Avoid being caught out by auto-renew contracts

Jess Bown

A7PFDP Young blonde woman worrying about her credit card bill.  woman; female; girl; caucasian; young; expression; face; blonde;
A7PFDP Young blonde woman worrying about her credit card bill. woman; female; girl; caucasian; young; expression; face; blonde;

Spotted a direct debit or card payment you don't remember making on your bank account statement?

Chances are it's a continuous payment authority (CPA). CPAs are used organisations offering a range of services, including home insurance, breakdown cover, payday loans and gym membership.

They allow the automatic renewal of such contracts using your debit card or credit card – without the need for your your authorisation.

The Financial Conduct Authority said: "If you give a company the long number across your debit or credit card and authorise it to regularly take money out of your account, you probably have a continuous payment authority."

So if you miss a letter or email informing you that your contract is up for renewal, and fail to opt out of the auto-renew service as a result, you end up getting and paying the service whether you want it or not.

That's what happened to me recently, when I missed a letter from my home insurance provider The AA.

My home insurance contract was renewed automatically as a result. In one way, this was a blessing as it meant my home was not left without insurance.

But a quick comparison website search reveals that several companies offer similar cover for less than I paid at renewal.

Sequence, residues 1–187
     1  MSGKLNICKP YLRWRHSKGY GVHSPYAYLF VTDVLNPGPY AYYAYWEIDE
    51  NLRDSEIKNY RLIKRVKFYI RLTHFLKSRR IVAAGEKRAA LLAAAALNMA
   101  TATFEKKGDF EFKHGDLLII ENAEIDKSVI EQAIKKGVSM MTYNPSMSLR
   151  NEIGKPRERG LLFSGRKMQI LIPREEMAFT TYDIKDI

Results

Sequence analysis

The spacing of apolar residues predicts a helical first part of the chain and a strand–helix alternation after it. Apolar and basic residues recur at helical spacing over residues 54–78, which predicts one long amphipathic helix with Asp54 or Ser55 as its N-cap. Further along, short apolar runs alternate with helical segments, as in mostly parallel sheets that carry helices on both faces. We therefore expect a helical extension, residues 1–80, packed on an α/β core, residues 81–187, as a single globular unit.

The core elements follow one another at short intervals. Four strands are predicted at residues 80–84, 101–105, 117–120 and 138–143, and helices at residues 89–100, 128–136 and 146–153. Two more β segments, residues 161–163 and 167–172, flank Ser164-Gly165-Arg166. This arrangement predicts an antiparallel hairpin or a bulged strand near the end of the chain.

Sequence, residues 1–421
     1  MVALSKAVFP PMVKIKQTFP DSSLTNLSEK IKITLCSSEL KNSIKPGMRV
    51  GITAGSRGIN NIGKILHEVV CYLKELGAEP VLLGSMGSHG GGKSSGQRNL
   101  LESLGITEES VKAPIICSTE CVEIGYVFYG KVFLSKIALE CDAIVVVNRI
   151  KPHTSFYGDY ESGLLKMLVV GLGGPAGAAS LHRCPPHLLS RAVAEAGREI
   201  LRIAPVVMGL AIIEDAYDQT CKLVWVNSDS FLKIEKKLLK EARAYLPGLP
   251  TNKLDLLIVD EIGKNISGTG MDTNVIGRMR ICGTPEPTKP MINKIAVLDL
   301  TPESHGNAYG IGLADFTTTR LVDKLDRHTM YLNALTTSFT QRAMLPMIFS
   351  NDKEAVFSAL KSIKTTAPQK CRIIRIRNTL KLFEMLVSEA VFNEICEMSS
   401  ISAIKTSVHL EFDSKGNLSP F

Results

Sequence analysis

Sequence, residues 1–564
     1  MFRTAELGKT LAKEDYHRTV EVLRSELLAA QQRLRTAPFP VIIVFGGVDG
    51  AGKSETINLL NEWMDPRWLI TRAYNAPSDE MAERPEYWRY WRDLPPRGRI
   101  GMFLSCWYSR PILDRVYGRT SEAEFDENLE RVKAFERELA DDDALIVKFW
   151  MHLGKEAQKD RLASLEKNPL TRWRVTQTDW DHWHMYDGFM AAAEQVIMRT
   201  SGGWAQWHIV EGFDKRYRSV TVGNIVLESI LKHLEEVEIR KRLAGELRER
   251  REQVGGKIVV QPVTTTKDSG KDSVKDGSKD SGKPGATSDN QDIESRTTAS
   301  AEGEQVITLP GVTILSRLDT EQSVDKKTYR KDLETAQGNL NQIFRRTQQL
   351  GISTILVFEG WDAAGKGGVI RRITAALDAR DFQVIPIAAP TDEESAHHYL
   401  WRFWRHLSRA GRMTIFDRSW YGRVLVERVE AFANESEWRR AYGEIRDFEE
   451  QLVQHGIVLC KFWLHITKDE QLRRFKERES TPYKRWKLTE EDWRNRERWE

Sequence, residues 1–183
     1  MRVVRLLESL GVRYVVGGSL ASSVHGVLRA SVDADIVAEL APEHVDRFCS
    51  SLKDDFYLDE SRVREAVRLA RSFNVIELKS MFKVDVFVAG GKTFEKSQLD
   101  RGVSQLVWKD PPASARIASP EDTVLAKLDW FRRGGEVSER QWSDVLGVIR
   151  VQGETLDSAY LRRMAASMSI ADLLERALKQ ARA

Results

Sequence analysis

Even The AA itself offered me a policy for the same property that cost £60 less than it charged to renew my contract, illustrating the importance of shopping around for insurance every year.

My statement also showed another payment to The AA, this time for £71.12. And when I called up to query it I was told it was for my breakdown cover, which had apparently been offered free for a year with my original home insurance policy.

In other words, The AA was able to automatically continue my membership contract - even though I have no recollection of being offered breakdown cover with my home insurance in the first place.

Unfortunately, the 14-day cooling off period had ended by the time I noticed the breakdown cover payment. So I was unable to get a refund, even though I have no need of it.

However, the insurer argues that it makes every effort to ensure people are aware their contracts are due to be automatically renewed.

Ian Crowder at The AA said: "We generally write to people about a month before an insurance or breakdown contract is due to end asking them to opt out of the automatic renewal if they do not want it. The information about how to opt out is very clear."

That's why it pays to check your mail, and to keep a close eye on money going into and out of your accounts.

How to avoid the automatic renewal trap
1. Be aware what sort of payment terms you are agreeing to when you take out insurance or a subscription service, for example.

2. Open all mail from companies you have signed up to services with in the past - even if you think it is just marketing junk mail.

3. Keep an eye on your emails - some companies will inform you of plans to auto-renew your contract this way.

4. Check your bank account regularly for any unexpected payments.

5. Query any payments you have not authorised as soon as you spot them: your chances of getting a refund are generally a lot higher if you query the payment within 14 days of it going through.

6. If the company to which you pay a CPA refuses to cancel it, contact your card issuer and cancel the payments that way.

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